Voting for a recall is a big decision. Sometimes, you might feel there’s a lot of reasons to recall a candidate. Maybe they’re not who they said they were, or that they proposed ideas that were against your vision of government. Sometimes, it’s because you think Mayor Janice Daniels may have lost her marbles along the way down Crazy Street.
Let’s be clear, I do not like recalls, nor advocate them unless the office holder is convicted of a felony, etc.
Mayor Daniels, to be clear, has not burned our city down, nor destroyed life as we know it, despite what the advocates of recall are suggesting. But things are getting difficult. I initially began this post in July. I put it on the shelf, because I wanted to see how things turned out.
In July, Mayor Daniels presented a unique vein of creativity in interpreting medical thinking on homosexuality, and it’s gotten quite hard to admit the Mayor of Troy is actually out there speaking for me. One time when I was out of town, someone interrupted my conversation to ask if I was from that Troy, the town with the crazy mayor.
I asked where they heard about it, and let’s just say you don’t want a Wonkette post dedicated to your legacy.
In terms of policy and politics, I’m not satisfied on a lot of levels. The City of Troy is the vanguard of advancement in suburban life. Its commercial alley exemplifies the success of a business-oriented community, but it’s also a quiet community that allows for reflection. It’s a delicate balance, as the bedrooms and businesses that pay the bills for the best suburb in Detroit are facing a crisis of expenditures and income. We face a commercial graveyard of empty rental space, and nothing cures that like cutting spending and payrolls in city government … right?
For the record, I would rather have a fiscal conservative at the helm of the city. But with future budgets, does the mayor have what it takes to do it properly? After all, read Mayor Daniels’ position paper (pdf). Then read then-City Manager John Szerlag’s (pdf).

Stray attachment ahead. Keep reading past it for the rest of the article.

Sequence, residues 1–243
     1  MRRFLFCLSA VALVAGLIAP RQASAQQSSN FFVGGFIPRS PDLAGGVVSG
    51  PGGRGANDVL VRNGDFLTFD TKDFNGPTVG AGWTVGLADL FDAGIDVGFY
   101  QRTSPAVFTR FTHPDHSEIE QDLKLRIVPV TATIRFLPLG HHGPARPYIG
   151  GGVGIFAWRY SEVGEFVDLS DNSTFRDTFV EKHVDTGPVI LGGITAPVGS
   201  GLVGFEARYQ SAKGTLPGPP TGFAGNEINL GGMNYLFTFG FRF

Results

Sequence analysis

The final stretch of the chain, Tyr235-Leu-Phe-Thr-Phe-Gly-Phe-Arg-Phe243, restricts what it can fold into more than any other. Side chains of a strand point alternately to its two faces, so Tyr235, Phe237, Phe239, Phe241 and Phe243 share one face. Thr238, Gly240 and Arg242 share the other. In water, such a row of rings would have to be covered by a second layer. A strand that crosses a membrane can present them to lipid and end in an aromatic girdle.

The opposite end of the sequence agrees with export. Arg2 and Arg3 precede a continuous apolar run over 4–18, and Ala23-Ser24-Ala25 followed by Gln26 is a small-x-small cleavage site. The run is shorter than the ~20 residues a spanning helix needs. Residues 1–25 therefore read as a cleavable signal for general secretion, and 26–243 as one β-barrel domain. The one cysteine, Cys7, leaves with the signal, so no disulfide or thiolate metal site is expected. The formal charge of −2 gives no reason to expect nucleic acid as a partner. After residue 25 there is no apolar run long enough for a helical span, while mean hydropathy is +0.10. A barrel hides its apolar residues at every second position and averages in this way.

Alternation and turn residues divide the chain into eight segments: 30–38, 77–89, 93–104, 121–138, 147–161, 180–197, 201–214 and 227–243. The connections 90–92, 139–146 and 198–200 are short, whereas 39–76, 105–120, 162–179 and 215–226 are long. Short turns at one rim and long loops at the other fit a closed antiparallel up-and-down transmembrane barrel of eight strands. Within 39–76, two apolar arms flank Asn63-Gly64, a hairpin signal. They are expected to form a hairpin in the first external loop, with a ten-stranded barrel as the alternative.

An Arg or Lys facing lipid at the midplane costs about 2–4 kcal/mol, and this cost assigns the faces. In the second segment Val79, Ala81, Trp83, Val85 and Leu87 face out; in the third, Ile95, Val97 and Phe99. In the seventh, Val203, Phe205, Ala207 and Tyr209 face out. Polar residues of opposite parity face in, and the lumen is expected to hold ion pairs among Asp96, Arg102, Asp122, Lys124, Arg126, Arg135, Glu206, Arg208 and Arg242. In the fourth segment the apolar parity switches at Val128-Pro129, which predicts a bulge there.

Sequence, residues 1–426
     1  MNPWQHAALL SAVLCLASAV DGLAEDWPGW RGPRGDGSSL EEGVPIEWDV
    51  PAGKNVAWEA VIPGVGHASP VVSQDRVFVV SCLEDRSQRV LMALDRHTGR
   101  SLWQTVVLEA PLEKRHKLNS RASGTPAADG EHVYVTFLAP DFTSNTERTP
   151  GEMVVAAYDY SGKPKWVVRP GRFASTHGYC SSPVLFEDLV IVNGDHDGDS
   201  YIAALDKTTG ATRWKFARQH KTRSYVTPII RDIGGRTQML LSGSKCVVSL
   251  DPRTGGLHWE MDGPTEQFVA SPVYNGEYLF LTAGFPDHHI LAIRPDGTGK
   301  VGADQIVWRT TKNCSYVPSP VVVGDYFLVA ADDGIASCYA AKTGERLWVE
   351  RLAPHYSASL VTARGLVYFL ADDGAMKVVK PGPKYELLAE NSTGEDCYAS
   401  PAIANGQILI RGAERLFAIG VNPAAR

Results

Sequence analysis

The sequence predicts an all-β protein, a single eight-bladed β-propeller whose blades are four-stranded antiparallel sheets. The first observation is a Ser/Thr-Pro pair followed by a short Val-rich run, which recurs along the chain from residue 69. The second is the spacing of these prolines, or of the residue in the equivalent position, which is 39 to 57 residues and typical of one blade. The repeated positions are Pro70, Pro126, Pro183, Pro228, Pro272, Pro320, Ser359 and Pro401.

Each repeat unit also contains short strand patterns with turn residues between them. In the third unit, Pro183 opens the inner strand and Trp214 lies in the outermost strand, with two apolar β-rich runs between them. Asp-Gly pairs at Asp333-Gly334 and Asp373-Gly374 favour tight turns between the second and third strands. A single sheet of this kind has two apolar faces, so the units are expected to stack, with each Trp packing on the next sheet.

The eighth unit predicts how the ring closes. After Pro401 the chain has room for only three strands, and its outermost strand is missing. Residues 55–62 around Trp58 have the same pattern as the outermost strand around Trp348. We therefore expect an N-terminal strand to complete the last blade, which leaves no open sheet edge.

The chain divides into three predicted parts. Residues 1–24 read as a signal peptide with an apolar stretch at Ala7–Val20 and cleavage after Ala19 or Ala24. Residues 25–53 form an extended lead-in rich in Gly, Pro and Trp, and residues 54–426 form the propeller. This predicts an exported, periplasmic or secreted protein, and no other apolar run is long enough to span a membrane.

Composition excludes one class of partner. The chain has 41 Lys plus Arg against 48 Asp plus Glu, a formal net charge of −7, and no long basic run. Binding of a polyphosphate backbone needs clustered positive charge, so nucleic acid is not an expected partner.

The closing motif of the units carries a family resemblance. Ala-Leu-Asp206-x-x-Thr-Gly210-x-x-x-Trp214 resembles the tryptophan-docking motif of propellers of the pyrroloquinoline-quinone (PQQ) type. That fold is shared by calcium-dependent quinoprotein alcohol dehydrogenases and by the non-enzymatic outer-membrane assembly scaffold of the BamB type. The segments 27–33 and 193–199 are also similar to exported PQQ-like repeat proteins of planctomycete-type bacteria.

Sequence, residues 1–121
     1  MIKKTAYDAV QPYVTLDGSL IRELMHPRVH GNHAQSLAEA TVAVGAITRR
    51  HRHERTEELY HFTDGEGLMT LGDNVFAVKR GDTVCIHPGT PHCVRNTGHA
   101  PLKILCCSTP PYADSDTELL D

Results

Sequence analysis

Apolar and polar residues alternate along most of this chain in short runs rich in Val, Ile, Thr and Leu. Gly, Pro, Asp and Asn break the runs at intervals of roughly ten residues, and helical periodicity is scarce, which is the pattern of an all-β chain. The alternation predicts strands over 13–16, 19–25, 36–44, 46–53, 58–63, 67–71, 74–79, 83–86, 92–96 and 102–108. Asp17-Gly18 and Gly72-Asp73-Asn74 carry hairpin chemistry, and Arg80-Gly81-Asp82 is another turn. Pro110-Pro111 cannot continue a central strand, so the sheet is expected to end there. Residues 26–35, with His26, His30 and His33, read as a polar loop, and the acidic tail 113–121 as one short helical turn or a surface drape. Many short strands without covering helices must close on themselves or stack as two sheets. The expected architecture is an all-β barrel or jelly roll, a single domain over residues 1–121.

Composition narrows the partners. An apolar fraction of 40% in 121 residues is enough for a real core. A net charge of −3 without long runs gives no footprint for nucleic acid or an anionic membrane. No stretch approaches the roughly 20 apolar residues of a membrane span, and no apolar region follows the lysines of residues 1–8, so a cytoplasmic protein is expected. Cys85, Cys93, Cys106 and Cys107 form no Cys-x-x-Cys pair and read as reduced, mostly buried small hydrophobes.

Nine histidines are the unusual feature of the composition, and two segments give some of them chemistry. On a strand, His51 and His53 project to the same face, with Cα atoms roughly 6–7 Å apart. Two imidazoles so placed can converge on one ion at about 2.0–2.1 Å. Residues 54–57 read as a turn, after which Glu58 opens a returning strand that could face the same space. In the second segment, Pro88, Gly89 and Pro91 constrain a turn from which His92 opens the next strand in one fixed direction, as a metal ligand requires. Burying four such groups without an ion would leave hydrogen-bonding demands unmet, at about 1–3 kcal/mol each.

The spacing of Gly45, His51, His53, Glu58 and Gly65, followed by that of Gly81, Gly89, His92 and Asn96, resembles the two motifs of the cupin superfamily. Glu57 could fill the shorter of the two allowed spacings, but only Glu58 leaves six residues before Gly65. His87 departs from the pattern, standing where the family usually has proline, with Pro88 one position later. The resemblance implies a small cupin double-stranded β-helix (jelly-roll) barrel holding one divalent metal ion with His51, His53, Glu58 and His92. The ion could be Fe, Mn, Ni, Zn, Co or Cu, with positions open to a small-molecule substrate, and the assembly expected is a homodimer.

I am left with doubt. City Manager Szerlag jumped ship after a legacy of work that exemplified commitment to a town that grew up around him. We lost a good city manager because of an environment that worked against the history of Troy’s growth and health. Even in a tight spot like a global recession, the city still had a rainy day fund after the deluge of the recession. And that’s because we separated the politics from the day-to-day business most times, saving up where it counted, and producing a strong fiscal structure that could withstand not only 2008, but all the years after it.
Instead, the best city manager you probably could have for a city of our size decided to leave.
For Mayor Daniels, it’s not just about the wacky gaffes or her amazing ability to politicize a simple community award in less than 60 seconds. Her beliefs are incongruous with logic, her data seems to be delivered solely by fringe media, and she often voices her concern regarding imaginary obstacles to policy, like federal “debt-money”.
She exhibited her inexperience with election law by submitting a last-minute challenge, as well as challenging already-invalidated signatures in her rushed submission to prevent a recall from going forward. In short, she’s exactly what one should expect when hiring someone off the street to lead a city.